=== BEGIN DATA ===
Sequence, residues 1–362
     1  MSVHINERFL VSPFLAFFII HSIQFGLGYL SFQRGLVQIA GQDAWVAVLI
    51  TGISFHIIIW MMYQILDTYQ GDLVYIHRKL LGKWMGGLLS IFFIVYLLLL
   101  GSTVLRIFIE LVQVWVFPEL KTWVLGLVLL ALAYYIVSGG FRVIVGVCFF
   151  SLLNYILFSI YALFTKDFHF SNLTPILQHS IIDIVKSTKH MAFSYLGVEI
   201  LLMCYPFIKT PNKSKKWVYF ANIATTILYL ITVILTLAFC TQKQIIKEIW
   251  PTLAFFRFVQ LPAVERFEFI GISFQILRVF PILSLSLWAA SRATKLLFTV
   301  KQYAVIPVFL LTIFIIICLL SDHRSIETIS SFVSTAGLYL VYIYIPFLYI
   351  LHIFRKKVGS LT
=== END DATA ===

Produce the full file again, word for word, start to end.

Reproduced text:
Sequence, residues 1–362
     1  MSVHINERFL VSPFLAFFII HSIQFGLGYL SFQRGLVQIA GQDAWVAVLI
    51  TGISFHIIIW MMYQILDTYQ GDLVYIHRKL LGKWMGGLLS IFFIVYLLLL
   101  GSTVLRIFIE LVQVWVFPEL KTWVLGLVLL ALAYYIVSGG FRVIVGVCFF
   151  SLLNYILFSI YALFTKDFHF SNLTPILQHS IIDIVKSTKH MAFSYLGVEI
   201  LLMCYPFIKT PNKSKKWVYF ANIATTILYL ITVILTLAFC TQKQIIKEIW
   251  PTLAFFRFVQ LPAVERFEFI GISFQILRVF PILSLSLWAA SRATKLLFTV
   301  KQYAVIPVFL LTIFIIICLL SDHRSIETIS SFVSTAGLYL VYIYIPFLYI
   351  LHIFRKKVGS LT